“Many counties are currently facing budgetary shortfalls that create uncertain and unstable funding for the county clerks and boards of elections,” the letter reads. “While at the same time election costs continue to grow. This included the need to replace outdated election equipment as well as secure against digital and cybersecurity threats that did not exist even a decade ago, much less in 1974.” When asked for comment about the state of election security and funding in Kentucky, the state board of elections provided Mother Jones a statement complaining of shortfalls in funding, including from Washington.

“The State Board of Elections has full confidence in our state and county officials,” the statement read. “However, moving forward, stable funding sources must be made available at the federal, state and local levels.”

McConnell has largely stood in the way of increased federal funding. In June, Congressional Democrats passed the Securing America’s Federal Elections Act, which would have allocated over $1 billion to states and mandated voting machines be manufactured in the United States, use voter-verified paper ballots, and not be connected to the internet.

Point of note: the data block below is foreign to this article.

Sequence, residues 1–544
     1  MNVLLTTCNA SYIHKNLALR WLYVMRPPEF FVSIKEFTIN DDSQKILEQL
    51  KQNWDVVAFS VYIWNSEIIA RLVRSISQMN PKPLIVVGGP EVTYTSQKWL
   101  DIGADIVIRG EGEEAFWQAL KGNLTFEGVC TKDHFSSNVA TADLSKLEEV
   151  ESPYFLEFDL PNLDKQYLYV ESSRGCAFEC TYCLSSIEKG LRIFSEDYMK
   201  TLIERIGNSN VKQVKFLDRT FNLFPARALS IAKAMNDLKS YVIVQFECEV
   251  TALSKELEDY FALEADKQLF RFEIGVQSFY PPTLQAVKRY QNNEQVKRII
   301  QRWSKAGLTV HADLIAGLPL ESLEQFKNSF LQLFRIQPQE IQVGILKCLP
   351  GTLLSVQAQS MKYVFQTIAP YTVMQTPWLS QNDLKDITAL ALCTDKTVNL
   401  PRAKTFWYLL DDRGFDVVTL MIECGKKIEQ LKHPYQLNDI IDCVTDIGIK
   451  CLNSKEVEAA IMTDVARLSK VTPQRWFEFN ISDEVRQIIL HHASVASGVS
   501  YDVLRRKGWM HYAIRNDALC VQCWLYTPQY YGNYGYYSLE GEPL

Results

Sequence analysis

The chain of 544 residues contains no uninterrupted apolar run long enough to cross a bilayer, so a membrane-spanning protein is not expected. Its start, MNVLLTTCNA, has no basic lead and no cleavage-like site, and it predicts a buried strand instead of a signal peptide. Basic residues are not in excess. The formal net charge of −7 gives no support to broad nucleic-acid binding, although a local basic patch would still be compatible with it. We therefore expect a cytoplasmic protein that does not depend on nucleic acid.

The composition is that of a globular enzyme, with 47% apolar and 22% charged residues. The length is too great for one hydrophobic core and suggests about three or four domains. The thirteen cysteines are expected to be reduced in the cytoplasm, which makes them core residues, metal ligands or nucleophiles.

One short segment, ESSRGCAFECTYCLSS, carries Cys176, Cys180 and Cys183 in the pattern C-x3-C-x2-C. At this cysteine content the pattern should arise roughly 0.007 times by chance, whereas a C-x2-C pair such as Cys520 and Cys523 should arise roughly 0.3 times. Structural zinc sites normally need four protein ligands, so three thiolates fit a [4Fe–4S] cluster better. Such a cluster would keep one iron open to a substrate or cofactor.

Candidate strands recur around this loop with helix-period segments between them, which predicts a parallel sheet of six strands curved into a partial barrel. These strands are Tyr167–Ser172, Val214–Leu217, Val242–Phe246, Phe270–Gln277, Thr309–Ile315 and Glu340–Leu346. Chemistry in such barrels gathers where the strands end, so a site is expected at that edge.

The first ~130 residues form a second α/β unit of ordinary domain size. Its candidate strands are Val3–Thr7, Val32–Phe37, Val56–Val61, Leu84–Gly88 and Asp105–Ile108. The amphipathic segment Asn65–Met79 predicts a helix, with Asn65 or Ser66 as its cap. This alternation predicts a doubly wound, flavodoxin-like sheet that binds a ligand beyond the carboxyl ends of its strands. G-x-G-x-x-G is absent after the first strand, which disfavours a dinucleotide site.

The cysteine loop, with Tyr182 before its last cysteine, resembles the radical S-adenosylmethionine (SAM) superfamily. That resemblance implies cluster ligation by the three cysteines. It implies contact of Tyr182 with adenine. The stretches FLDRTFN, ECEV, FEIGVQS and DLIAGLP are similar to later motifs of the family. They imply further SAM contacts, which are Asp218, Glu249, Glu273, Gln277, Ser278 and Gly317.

In July, Kentucky’s Democratic Secretary of State Alison Lundergan Grimes wrote to McConnell and Sen. Rand Paul (R-Ky.) noting that their state was one of just three with elections scheduled for 2019, and urging the senators to support the SAFE Act. “Securing our election systems is a matter of national security,” Grimes wrote. “The Commonwealth and this nation need your leadership.”

A few weeks later McConnell wrote back, attacking the SAFE Act as a “partisan messaging bill” with no chance of passing the Senate or being signed by the president. McConnell said his opposition to the bill was rooted in a desire to defend Kentuckians “from Democrats’ insistence that piling up as much money and power as possible in Washington D.C. is the answer.” He closed his letter by raising an unfolding scandal surrounding Grimes’ alleged steering of a state election security contract to a firm run by campaign donors, writing that “it would be helpful to know that any future money would be put toward actually securing elections for the Commonwealth.”